Research

Effect of Harvest Residue Distribution on Subsequent Crop Emergence and Performance

Effect of Harvest Residue Distribution on Subsequent Crop Emergence and Performance

  • Term: 4 years, beginning in 2017
  • Funding Amount: $ 40,796
  • Lead Researcher(s): Greg Nathan, Prairie Agricultural Machinery Institute (PAMI)
  • Funding Partners: Saskatchewan Canola Development Commission (SCDC)
  • Project Description: This project involves field-scale trials to determine the effect of poor management of residue of cereal crop on the following year’s canola emergence and yield, and to assess whether post-harvest operations, such as harrowing and high-speed disking (“vertical tillage”), can mitigate the residue management issues.

    Residue management is a significant challenge for producers today, especially when growing a canola crop after a heavy cereal crop, which is a common occurrence in Canada due to crop rotation practices. There is relatively a large knowledge base in the literature on the agronomic impacts of crop residues on soil nutrients and organic matter content however, impact of residue distribution is an important gap there. The conditions specific to canola performance as well as regional considerations are making that gap even wider. This project will generate information that can be used as a decision support tool for producers to justify improving their residue management system through residue system component adjustments, repair or replacement, or through conducting additional tillage operations.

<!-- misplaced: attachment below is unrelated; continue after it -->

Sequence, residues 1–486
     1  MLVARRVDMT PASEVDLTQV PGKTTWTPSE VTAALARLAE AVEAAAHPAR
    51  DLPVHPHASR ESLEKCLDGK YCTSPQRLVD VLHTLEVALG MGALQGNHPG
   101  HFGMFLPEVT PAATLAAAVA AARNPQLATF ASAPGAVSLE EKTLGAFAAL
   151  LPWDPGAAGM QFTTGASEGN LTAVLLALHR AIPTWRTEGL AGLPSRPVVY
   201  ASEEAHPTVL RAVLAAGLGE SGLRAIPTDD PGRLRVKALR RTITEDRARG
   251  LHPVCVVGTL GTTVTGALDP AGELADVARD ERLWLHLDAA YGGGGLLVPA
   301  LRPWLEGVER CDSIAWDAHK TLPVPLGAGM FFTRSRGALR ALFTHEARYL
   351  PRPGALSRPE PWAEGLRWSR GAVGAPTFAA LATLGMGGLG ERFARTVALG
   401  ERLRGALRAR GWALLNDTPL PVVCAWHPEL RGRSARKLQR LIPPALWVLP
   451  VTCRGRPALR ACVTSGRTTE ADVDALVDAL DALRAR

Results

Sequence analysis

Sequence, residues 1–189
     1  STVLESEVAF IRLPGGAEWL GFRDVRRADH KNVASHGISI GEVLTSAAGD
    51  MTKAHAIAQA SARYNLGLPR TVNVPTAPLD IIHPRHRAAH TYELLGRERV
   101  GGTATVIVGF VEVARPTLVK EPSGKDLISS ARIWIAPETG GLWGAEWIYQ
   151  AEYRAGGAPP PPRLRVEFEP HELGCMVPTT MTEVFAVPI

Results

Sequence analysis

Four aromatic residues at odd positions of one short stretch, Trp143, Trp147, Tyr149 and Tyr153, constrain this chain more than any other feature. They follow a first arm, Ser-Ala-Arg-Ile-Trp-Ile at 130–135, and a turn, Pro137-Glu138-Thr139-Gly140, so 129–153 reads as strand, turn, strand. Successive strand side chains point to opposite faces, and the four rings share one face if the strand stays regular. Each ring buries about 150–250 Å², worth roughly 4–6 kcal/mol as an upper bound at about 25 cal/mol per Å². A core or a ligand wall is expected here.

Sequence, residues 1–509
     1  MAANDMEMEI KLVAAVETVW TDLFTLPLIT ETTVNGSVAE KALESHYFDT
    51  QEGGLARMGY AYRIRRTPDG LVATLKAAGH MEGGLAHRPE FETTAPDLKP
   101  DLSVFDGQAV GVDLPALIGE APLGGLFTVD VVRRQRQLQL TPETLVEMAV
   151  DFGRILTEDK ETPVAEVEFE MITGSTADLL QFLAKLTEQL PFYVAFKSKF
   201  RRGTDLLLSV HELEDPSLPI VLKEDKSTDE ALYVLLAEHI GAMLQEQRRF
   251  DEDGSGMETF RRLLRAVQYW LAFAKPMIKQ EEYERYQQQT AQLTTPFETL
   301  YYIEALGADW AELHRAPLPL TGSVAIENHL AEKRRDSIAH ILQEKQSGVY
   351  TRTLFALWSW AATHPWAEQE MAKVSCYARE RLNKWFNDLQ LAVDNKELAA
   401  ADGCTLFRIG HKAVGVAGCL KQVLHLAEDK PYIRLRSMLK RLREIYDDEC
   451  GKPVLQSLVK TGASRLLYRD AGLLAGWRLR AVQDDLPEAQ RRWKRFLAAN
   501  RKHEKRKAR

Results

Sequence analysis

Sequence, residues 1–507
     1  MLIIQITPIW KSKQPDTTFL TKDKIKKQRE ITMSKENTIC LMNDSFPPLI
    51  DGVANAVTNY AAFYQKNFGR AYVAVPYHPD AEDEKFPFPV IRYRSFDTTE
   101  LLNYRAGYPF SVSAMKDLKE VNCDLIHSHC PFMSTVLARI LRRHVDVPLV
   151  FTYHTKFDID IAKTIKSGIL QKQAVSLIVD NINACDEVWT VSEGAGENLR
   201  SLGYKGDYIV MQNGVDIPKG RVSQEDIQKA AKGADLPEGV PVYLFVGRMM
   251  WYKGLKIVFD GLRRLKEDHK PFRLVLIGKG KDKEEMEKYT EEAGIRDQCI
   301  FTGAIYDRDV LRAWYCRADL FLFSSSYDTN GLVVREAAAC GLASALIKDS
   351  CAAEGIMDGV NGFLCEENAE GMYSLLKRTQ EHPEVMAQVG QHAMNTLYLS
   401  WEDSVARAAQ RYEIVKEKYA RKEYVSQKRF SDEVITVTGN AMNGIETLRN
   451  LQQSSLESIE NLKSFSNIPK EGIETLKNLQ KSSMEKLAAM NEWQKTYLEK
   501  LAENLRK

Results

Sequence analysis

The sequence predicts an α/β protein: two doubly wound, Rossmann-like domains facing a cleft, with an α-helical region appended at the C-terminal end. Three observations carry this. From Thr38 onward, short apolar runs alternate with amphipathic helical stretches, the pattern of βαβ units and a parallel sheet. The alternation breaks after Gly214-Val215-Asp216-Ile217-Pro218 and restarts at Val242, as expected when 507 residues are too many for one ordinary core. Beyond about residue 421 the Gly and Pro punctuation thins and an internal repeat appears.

The CARP program has indicated that the impact of crop residue (and potentially equipment settings) on seed placement and emergence as a priority. This project aims to address the root of the issue and will help the Canola Council of Canada achieve its goal on yield average by 2025 by quantifying the effect of poor residue distribution and by assessing management practices that can mitigate the issue.

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